This blog post is part of a series called “CommScope Definitions,” in which we
will explain common terms in communications network infrastructure.
Ultra-Low Loss describes
the performance of fiber optic apparatus used in data center (DC) networks.
Data centers are always striving to increase the capacity to deliver
services to their users. Like a finely tuned racing car, higher
performance is a never-ending engineering challenge. As performance ramps
up, each and every component is highly stressed and the overall performance of
the car and the team depends on the performance of the smallest parts.
Data centers are much the
same. DC capacity is built upon the physical fiber optic network cabling.
This infrastructure is constantly increasing the speed and efficiency, enabling
higher data throughput. Maintaining the flow of data is now dependent of
preserving as much of the data signals as possible. Fiber cabling and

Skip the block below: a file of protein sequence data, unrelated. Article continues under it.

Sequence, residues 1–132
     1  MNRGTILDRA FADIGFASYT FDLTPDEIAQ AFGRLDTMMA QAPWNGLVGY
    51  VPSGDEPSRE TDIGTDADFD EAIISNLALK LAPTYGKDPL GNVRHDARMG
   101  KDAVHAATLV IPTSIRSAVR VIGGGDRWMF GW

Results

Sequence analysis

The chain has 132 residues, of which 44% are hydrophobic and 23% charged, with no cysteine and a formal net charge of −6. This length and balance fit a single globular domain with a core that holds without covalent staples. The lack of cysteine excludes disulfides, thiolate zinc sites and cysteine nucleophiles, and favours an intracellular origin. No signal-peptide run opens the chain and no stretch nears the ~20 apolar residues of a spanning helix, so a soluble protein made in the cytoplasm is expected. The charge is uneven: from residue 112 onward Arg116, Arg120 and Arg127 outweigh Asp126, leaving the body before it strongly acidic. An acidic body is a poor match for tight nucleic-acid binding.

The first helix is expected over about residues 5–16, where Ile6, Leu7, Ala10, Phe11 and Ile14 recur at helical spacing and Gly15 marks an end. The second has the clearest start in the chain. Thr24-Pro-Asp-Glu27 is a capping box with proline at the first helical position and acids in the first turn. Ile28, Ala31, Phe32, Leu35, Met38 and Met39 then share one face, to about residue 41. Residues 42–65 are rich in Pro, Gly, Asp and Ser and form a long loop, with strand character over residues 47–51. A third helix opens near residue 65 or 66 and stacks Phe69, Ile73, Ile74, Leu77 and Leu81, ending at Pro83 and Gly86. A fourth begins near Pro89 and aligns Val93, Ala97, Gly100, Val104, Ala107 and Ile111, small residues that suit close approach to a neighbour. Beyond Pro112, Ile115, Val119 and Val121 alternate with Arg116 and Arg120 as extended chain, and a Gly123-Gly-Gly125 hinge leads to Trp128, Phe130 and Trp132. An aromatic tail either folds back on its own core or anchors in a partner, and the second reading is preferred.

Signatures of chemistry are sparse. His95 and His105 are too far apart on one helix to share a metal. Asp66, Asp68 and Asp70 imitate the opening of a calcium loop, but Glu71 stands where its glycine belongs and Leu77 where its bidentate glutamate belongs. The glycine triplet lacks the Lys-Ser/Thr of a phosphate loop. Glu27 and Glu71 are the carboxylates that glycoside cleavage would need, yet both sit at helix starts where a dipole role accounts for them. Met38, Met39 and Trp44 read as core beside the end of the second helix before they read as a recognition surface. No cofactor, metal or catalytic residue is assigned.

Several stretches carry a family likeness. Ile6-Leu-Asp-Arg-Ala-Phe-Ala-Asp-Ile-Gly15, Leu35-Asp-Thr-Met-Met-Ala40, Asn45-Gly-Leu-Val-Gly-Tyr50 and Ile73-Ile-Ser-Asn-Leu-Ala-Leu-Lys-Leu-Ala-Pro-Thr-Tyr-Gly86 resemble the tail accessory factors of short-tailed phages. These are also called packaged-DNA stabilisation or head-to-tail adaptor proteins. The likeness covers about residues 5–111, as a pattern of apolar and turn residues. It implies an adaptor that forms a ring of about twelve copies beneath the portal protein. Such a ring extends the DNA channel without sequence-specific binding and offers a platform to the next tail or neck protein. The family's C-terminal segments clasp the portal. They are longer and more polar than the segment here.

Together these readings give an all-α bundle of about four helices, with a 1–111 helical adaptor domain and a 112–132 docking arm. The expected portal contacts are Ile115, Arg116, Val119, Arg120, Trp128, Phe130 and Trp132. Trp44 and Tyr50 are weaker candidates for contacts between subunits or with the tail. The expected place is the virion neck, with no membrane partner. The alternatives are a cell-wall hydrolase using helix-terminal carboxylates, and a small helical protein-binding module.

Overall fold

connections lose a certain amount of signal – yet they are absolutely necessary
to carry the information around the DC and eventually to the end users.
Over time, the performance of these components has improved. Today,
the standard of high performance is Ultra Low Loss.
CLICK TO TWEET: CommScope's James Young defines Ultra-Low Loss for you.
As speeds go up, data links overcome increasingly difficult transmission
challenges. More of the available signal
is used to overcome these transmission losses which leaves less available
signal on the link. Preserving the
remaining signal is the best way to provide for the connections and fiber cable
between the active equipment in the DC.
Increasing capacity while maintaining the reach, scale and structure of
the physical infrastructure is a constant challenge. This is precisely why CommScope has
introduced a new Ultra-Low Loss apparatus platform.
Combining Ultra-Low Loss
apparatus with high bandwidth OM5 cable provides the optimum multimode fiber
platform for enterprise DCs. CommScope
provides design tools and guaranteed link performance to take the guess work
out of designing for next generation capacity in your DC. Enabling more connections and longer lengths
brings low cost SWDM4 duplex fiber technology to even the largest enterprise
Keeping up with the demand
for more DC capacity requires a well-planned high speed migration
strategy. What are your plans for the
next generation high speed networks?